That’s the whole ballgame. Correctly “fingerprinting” computers (and handling legitimate changes to the same computer over time) is what separates garbage licensing products from licensing that is actually good. Honestly, you need to take all of the components of the computer, and correctly “weight” them, and generate a unique ID from those components (while still accounting for legitimate changes).

My advice: buy 20 or 30 computers and install a variety of OS systems that you’ll be supporting. Then buy a handful of external network adapters, harddrives, and other components to plug / unplug to/from these devices. That will get you a very bare-minimum start of the many weird configurations that your customers will have. Now you have to write the first-draft algorithm.

How many activations per week/month/year/total should an online activation system allow?

For a well written licensing product? 1 activation per machine. And you can optionally allow customers to move between machines.

IMO the online activation system should also track that some PC are not in use anymore and somehow should “forgot” about these old activations.

With floating licensing that’s possible. With node-locked licensing what you’re describing is impossible. I can dig into this and explain it in-depth if you’d like. You can read our article about the difference between floating licensing and node-locked licensing and you can probably figure out why it’s impossible.


#3

Actually I like to handle such cases like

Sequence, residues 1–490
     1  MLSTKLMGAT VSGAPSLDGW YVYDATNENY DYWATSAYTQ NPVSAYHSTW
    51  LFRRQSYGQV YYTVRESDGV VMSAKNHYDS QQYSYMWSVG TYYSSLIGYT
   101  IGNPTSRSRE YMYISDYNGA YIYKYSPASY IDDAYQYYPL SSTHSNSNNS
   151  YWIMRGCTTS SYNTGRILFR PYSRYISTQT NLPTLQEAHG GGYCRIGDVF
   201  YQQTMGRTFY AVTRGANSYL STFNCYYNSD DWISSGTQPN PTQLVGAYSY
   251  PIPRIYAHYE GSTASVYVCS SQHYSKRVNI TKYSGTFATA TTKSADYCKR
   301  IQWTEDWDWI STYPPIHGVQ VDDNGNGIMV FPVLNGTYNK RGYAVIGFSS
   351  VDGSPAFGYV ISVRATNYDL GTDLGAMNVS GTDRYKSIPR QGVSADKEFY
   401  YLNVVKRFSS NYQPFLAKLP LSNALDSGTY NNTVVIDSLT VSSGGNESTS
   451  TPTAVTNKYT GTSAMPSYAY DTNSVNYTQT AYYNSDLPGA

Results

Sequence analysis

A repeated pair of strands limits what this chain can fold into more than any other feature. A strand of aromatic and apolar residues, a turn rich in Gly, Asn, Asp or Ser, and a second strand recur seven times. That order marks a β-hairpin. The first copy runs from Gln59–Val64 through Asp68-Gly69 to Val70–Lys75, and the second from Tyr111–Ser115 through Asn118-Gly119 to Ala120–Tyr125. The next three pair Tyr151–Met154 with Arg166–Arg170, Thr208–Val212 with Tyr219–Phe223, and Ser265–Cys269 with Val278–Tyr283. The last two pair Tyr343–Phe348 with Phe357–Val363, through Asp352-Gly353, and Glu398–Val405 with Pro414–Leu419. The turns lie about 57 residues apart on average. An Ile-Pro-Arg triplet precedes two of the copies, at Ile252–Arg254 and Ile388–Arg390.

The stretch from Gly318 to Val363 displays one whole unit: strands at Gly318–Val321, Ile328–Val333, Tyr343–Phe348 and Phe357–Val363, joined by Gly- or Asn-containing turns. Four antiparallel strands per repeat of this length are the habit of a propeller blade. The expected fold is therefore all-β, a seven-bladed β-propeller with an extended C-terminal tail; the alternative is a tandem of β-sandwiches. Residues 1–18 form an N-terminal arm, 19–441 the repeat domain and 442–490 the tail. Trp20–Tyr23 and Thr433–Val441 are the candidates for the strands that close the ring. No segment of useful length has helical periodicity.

Case 1. The user purchased 1 license for himself. But he needs to install it on 2 Computers: his office PC and his laptop to travel to his client. This case is quite normal.

And then the user buys a new PC to replace the old one, and the program should work there as well.

Case 2:
A Company purchased 5 user license. They Installed the program on 5 computers. 2 computers went broken or burned. So there is no way to deactvivate a license on these 2 computers. But the activation system
should allow them to use the program on 5 PCs.


#4

once upon a time I did my own RSA keygen system, which I still use. No problem with keygens, but plenty of cracks/patches as you can imagine.
www.zabkat.com/blog/27Jun10-openssl-keygen.htm


#5

Used Armadillo in the past until it became abandoned. Now using own activation system - took a week to implement and a month to fix/tweak things here and there. It’s absolutely worth the effort as the essential part of the business is now completely under control. Off the shelf solutions are good for new businesses, but if you have resources to build your own, I suggest doing it.


#6

And yet, at the end you say…:

Isn’t this magic? With a mere 100 lines of code you have yourself the bare essentials of a potentially uncrackable software key scheme!

You even bolded the word uncrackable. I get what you were trying to accomplish; you’re attempting to stop keygens from being made. But claiming you created something uncrackable is misleading at best. Honestly, you could have used a Vigenère cipher (something trivially easy to create a keygen for) and the crackers would have still chosen the path of least resistance (cracking your app) instead of trying to understand what you used to create your keys.

It’s seems like a semantics argument, but there are too many licensing companies falsely claiming uncrackability, that I feel obligated to point out the absurdity of it every time “uncrackability” is mentioned (even when the claim is made in a personal blog about a home-grown implementation).

My point is, even if you use asymmetric cryptography to create serial number (or blobs of text that customers can pass around as if they were serial numbers) that doesn’t magically make your app uncrackable (nothing stops cracking). Nor does it prevent casual piracy (well-designed online activation does stop casual piracy).